For information on how to create paste paper pages, go to:
To see instructions on how to create paste paper pages, go to the Workshops page at
One of the most beautiful and accessible techniques for decorating pages is with paste paper. For centuries it has been used for endpapers, bookbinding, wallpaper, and other crafts. In the 17th century it was widely used by unmarried Moravian women as a way of supporting themselves at home; their work made its way all over Europe.
Recipes vary, but this is one I have used for years. The alum is a mordant, which helps the color “grab” the paper. (For my U.K. friends, alum can be bought online.)
Basically you are creating a homemade paste. Mix flour, corn starch, and alum thoroughly. Add one cup cold water and whisk. Add four cups boiling water and keep stirring with whisk. Place over high heat on stovetop and keep stirring. As mixture thickens, turn the temperature down and let it simmer. It is important to keep stirring constantly for an even texture. I let it cook for about 15 minutes. The mixture will become somewhat translucent and pudding like.
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Join me on Saturday, May 2, for a paste paper workshop at the Garnswllt Hall Activity Centre in Ammanford. This is traditional technique similar to marbling that uses pulling, combing, and other devices to create multi-dimensional designs. Once dry, these paste paper pages can be used for a variety of paper crafts, including card making, bookbinding, and collage. From 10:00 to noon we will make unique paste paper pages. After a break for lunch, we will then use our pages in a variety of crafts from 1:00 to 3:00. The fee is £25. Please pre-register by contacting me at KellyBoler79@gmail.com.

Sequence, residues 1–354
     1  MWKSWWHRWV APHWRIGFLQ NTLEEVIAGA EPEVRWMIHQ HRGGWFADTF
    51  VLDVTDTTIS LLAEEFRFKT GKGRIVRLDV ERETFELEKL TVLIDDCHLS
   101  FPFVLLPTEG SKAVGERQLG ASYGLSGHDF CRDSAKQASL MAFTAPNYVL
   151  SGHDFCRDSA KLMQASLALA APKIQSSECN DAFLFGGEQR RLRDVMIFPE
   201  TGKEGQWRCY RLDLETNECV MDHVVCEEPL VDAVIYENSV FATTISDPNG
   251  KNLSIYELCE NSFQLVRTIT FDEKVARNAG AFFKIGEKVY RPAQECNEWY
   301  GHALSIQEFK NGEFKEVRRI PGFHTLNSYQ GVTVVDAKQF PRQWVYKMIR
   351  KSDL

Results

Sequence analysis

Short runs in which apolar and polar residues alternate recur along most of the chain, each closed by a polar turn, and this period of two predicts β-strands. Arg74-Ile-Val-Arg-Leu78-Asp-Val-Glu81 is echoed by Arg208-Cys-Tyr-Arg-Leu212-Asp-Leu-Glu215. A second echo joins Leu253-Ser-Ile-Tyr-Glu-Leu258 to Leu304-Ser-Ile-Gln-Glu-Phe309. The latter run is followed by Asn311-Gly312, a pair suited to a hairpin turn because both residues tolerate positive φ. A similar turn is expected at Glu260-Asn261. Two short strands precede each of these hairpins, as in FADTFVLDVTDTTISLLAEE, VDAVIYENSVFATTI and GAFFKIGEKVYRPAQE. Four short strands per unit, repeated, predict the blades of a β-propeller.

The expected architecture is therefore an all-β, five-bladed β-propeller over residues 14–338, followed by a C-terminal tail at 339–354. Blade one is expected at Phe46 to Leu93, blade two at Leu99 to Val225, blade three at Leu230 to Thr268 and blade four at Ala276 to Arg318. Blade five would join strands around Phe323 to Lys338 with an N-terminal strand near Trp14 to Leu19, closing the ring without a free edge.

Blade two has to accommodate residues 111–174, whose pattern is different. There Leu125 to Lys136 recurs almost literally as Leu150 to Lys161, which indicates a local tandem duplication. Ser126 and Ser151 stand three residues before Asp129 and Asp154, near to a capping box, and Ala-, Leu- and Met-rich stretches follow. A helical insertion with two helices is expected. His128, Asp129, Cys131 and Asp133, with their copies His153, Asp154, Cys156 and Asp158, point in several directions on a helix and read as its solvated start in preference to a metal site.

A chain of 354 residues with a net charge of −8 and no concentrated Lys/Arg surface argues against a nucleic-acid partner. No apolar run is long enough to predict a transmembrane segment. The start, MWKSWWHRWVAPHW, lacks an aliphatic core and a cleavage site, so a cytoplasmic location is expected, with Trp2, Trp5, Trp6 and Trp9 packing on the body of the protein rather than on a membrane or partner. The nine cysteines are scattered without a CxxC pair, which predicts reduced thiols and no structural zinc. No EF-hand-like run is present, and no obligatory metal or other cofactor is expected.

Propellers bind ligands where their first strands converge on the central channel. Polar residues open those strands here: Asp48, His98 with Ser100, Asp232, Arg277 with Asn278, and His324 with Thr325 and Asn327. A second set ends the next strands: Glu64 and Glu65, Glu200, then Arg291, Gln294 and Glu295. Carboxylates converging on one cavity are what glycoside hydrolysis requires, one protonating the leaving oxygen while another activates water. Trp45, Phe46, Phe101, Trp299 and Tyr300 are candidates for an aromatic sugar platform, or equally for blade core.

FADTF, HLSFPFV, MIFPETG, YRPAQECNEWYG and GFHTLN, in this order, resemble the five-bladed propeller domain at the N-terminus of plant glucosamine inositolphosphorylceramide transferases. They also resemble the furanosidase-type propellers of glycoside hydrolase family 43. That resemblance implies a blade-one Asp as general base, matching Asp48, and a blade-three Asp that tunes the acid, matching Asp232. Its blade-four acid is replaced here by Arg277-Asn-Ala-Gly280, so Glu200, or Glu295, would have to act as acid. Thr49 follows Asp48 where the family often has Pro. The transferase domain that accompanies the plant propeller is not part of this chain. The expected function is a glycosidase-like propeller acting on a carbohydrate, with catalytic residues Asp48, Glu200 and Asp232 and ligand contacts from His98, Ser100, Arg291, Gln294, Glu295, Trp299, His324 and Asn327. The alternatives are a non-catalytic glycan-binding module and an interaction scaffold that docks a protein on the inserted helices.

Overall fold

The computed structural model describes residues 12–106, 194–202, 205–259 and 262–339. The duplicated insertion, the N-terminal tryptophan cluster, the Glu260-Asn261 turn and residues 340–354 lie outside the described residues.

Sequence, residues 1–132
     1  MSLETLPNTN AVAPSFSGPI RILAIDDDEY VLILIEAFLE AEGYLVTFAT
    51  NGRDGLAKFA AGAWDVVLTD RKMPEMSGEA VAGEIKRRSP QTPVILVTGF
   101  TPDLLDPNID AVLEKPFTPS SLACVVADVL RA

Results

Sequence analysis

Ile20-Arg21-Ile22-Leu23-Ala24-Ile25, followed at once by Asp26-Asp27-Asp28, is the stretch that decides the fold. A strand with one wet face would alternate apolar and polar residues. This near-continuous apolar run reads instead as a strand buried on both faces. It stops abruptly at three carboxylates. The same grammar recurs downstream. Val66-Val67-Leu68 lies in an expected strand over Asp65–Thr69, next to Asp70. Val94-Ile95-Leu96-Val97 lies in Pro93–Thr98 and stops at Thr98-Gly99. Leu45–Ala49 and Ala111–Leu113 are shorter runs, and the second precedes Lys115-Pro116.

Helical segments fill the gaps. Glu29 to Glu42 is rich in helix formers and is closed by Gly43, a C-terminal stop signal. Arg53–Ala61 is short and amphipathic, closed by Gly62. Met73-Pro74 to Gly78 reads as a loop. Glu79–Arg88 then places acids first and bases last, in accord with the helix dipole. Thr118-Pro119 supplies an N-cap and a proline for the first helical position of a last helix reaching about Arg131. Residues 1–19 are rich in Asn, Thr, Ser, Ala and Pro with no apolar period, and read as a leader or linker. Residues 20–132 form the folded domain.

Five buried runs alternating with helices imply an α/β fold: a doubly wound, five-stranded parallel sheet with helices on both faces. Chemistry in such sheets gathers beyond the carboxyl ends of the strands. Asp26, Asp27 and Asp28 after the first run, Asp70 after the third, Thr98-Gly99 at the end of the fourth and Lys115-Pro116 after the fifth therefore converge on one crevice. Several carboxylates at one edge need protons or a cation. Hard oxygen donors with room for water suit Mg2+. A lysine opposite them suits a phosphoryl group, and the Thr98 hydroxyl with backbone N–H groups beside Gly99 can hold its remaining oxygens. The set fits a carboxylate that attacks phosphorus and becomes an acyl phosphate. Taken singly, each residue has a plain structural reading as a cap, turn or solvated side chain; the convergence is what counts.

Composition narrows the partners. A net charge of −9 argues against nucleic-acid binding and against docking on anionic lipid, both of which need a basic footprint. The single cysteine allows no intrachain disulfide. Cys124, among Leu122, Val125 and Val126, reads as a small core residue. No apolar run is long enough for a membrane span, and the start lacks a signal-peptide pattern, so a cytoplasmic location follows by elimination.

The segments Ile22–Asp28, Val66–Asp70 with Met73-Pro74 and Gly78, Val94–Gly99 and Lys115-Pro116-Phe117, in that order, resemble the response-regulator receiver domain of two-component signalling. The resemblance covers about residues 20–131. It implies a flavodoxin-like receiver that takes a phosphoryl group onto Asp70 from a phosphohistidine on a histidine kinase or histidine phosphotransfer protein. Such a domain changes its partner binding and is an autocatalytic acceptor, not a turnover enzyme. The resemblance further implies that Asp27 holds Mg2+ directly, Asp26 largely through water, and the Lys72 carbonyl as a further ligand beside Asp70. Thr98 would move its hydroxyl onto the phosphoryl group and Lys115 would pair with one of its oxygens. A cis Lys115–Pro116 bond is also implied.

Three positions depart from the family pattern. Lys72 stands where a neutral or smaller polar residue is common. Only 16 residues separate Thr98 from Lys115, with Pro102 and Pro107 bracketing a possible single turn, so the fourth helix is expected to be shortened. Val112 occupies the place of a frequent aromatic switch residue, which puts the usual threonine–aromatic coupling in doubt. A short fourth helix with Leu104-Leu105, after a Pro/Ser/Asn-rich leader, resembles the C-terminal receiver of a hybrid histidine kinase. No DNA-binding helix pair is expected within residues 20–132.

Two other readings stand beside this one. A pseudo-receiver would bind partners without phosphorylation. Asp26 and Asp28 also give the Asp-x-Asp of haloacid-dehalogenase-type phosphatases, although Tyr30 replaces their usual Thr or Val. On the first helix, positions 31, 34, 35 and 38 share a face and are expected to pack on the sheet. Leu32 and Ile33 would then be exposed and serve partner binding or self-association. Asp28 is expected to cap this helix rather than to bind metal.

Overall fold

Paste paper is a stunning way of creating original designs for use in hand-bound books, handmade boxes, wrapping, and other projects. Basically, it is the art of covering a page in a coat of colored paste made of rice or other starch. (I use a mixture of fine flour and corn starch). Patterns are then made by combing, stamping, or simply “drawing” with fingers.As a decorative paper technique, paste paper dates back to the late 16th century when it was used for making playing cards. Its heyday came in the 1760s when it was popularized by single women living in a German Moravian community as a way to support themselves. Their colorful paste papers were in high demand by bookbinders and for a variety of other uses.
These are some of my paste papers. Keep checking in: I will be adding tutorials on how to make your own soon.